There may remain a concern that substantive differences in decision-making might not result in greater fairness but will somehow corrupt the law. Introduction There has been significant attention paid in England and Wales in recent years to the need for greater judicial diversity; in particular, the need to appoint more women judges.
Analyzing the text is very much like doing literary analysis, which many students have done before. What is the exigence events in this moment in time which affect the need for this conversation that makes the audience interested in this issue?
It must be conceded, however, that the evidence provided by the feminist judgment projects is restricted. I used to be quite sceptical about these arguments that it made a difference. Circuit Court equivalent In other words, judicial conversations are not confined to appellate courts, and the potential influence of non-traditional judges may extend to the judgments of other judges in other cases as well as their own.
For example, the English project includes cases on property law concepts, 67 commercial contracts, 68 adult social care, 69 minority sexual practices, 70 and medical decision-making 71 which apply feminist theory to less obvious subject matters. Secondly, a quote from one of the Australian judicial interviewees is illuminating: Lastly, she may write a joint judgment or leading judgment with which other members of the court agree, because her reasoning is persuasive.
The students correctly identified the gender of the judge about half the time, and were incorrect half the time. Since then, dozens if not hundreds of articles and reports have been written on that topic.
Magistrates and Crown Court equivalents. It is informed by feminist theories and an understanding of gendered experience, but this may result, as indicated in the quote from Kenney above, in a range of approaches, including noticing the gender implications of apparently neutral rules and practices, challenging gender bias in legal doctrine and judicial reasoning, or promoting substantive equality.
In such a system, the viewpoints and alignments on the court become predictable and somewhat solidified. Some of these women judges said they were feminists but not feminist judges. Advanced Search Abstract This article addresses a key question in debates around judicial diversity: All but one of the interviewees were women.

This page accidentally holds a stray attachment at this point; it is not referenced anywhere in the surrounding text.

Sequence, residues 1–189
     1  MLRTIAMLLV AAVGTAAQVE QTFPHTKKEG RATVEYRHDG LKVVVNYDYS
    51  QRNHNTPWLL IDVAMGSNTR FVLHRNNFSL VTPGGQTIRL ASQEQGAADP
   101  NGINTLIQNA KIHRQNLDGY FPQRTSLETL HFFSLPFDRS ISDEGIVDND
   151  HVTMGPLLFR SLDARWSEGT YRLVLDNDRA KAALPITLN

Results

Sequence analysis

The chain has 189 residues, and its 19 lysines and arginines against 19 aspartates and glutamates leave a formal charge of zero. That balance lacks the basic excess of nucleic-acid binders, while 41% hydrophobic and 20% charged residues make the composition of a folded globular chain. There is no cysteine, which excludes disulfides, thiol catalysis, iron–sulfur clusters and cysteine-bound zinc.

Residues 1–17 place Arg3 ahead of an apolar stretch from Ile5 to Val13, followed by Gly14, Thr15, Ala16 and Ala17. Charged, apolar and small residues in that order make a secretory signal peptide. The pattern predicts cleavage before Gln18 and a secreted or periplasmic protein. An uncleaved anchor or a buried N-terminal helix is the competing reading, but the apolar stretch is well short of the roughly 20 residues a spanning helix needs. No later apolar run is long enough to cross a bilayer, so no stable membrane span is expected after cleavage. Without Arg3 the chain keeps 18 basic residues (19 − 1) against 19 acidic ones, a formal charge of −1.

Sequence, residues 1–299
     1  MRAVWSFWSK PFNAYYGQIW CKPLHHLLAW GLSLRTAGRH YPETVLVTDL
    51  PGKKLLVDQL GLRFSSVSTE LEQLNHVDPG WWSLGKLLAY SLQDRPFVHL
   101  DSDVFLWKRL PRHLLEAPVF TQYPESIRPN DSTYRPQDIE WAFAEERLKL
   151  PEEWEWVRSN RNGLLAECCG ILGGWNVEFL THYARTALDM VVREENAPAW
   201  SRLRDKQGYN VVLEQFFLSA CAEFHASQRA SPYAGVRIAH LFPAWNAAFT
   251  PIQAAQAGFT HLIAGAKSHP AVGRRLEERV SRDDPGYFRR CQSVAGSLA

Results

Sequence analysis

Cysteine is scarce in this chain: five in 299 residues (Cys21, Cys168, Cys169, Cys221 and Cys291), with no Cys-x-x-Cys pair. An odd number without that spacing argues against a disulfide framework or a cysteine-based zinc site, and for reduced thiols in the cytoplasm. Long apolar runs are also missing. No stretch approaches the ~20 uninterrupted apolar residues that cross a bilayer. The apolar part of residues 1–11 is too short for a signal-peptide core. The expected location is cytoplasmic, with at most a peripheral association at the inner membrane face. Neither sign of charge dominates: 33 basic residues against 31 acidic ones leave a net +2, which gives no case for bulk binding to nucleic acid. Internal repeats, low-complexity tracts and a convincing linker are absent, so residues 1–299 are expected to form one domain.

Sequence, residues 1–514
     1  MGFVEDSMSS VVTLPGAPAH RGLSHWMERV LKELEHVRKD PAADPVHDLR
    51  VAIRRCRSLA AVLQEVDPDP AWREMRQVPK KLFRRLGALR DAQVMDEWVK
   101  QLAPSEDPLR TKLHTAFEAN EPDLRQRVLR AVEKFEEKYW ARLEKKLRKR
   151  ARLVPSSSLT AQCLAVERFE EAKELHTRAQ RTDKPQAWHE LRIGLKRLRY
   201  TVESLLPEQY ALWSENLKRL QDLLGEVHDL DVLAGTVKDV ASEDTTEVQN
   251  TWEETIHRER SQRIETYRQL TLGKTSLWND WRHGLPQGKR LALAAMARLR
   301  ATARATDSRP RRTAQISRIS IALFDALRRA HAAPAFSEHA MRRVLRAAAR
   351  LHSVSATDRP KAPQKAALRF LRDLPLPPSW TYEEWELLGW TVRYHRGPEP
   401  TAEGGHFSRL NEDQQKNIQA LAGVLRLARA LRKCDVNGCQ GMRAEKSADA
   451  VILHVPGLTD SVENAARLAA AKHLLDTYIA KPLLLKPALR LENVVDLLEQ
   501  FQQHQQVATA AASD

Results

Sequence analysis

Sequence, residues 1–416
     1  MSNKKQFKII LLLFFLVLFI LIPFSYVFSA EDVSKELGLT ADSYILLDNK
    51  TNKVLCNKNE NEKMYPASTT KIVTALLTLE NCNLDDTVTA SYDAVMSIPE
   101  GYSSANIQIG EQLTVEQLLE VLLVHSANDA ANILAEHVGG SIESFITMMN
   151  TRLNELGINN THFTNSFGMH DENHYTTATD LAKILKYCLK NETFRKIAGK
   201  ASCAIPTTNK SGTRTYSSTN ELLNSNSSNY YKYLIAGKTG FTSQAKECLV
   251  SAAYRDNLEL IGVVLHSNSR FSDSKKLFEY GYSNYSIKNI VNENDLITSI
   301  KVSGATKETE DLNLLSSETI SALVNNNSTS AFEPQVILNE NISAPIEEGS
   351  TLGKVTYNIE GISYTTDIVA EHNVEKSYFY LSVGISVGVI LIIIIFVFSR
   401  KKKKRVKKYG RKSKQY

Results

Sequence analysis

In other words they provide many, many protections for the accused person, as they should. I mean … at the end of the day the individual person is stuck with the individual judge that they get. Magistrates Court The notion of applying the law bravely is not one which is often spoken about in our legal culture.
First, there may be little scope for any form of judicial activism at the court level or within the jurisdiction in which the judge is sitting. When might we expect those judges to judge differently? The questions asked by Lord Neuberger and Lord Pannick, however, demonstrate an ongoing concern, and a lack of clarity and certainty, as to whether a more diverse judiciary will make a difference to substantive decision-making, and if so, how and when such a difference might be made.
Likewise, the Australian project includes cases on voting rights, 72 the right to a fair trial for indigent defendants, 73 environmental law, 74 and consumer protection. Much of this literature has been generated within the political science discipline in the USA, and has usually involved large-scale databases of decisions made by State or Federal benches, with statistical tests for the significance of judicial gender as an independent variable explaining the outcomes of cases.
Perhaps, it ought to be. Thus, the achievements of these imagined feminist judges can only take us so far, and it is necessary to turn to the practices of real judges who are subject to the full range of constraints identified above.
It then turns to consider the considerable evidence which now exists both to refute and to support the existence of substantive differences in decision-making following the appointment to the judiciary of women and others from non-traditional backgrounds.